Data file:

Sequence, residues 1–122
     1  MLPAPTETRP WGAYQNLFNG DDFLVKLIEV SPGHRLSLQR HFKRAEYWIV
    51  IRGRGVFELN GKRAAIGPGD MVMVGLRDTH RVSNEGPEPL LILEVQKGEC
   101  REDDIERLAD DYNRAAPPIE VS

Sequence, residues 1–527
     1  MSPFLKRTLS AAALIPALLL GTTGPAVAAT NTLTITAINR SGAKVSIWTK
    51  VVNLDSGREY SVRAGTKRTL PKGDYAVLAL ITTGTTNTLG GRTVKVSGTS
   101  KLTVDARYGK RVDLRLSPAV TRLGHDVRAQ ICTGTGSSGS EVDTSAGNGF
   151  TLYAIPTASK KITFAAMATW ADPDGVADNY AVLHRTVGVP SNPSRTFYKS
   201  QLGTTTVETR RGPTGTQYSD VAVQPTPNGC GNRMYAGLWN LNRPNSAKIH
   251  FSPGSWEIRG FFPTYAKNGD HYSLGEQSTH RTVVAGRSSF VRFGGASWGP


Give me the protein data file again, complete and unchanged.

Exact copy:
Sequence, residues 1–122
     1  MLPAPTETRP WGAYQNLFNG DDFLVKLIEV SPGHRLSLQR HFKRAEYWIV
    51  IRGRGVFELN GKRAAIGPGD MVMVGLRDTH RVSNEGPEPL LILEVQKGEC
   101  REDDIERLAD DYNRAAPPIE VS

Sequence, residues 1–527
     1  MSPFLKRTLS AAALIPALLL GTTGPAVAAT NTLTITAINR SGAKVSIWTK
    51  VVNLDSGREY SVRAGTKRTL PKGDYAVLAL ITTGTTNTLG GRTVKVSGTS
   101  KLTVDARYGK RVDLRLSPAV TRLGHDVRAQ ICTGTGSSGS EVDTSAGNGF
   151  TLYAIPTASK KITFAAMATW ADPDGVADNY AVLHRTVGVP SNPSRTFYKS
   201  QLGTTTVETR RGPTGTQYSD VAVQPTPNGC GNRMYAGLWN LNRPNSAKIH
   251  FSPGSWEIRG FFPTYAKNGD HYSLGEQSTH RTVVAGRSSF VRFGGASWGP